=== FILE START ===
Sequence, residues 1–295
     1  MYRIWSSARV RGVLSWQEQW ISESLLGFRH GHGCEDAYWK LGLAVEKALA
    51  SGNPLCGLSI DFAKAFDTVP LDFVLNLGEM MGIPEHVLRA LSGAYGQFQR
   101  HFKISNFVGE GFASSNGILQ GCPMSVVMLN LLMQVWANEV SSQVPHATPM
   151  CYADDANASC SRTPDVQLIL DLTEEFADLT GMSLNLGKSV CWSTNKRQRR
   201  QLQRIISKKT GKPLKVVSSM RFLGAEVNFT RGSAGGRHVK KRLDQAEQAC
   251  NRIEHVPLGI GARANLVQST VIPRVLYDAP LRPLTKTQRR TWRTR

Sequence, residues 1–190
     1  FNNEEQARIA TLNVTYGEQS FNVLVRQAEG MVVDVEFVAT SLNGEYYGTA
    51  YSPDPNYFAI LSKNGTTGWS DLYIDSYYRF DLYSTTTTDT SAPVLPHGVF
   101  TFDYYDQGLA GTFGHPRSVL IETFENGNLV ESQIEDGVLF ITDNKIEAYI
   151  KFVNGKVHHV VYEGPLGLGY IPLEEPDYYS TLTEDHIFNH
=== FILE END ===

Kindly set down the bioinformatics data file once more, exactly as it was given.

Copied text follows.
Sequence, residues 1–295
     1  MYRIWSSARV RGVLSWQEQW ISESLLGFRH GHGCEDAYWK LGLAVEKALA
    51  SGNPLCGLSI DFAKAFDTVP LDFVLNLGEM MGIPEHVLRA LSGAYGQFQR
   101  HFKISNFVGE GFASSNGILQ GCPMSVVMLN LLMQVWANEV SSQVPHATPM
   151  CYADDANASC SRTPDVQLIL DLTEEFADLT GMSLNLGKSV CWSTNKRQRR
   201  QLQRIISKKT GKPLKVVSSM RFLGAEVNFT RGSAGGRHVK KRLDQAEQAC
   251  NRIEHVPLGI GARANLVQST VIPRVLYDAP LRPLTKTQRR TWRTR

Sequence, residues 1–190
     1  FNNEEQARIA TLNVTYGEQS FNVLVRQAEG MVVDVEFVAT SLNGEYYGTA
    51  YSPDPNYFAI LSKNGTTGWS DLYIDSYYRF DLYSTTTTDT SAPVLPHGVF
   101  TFDYYDQGLA GTFGHPRSVL IETFENGNLV ESQIEDGVLF ITDNKIEAYI
   151  KFVNGKVHHV VYEGPLGLGY IPLEEPDYYS TLTEDHIFNH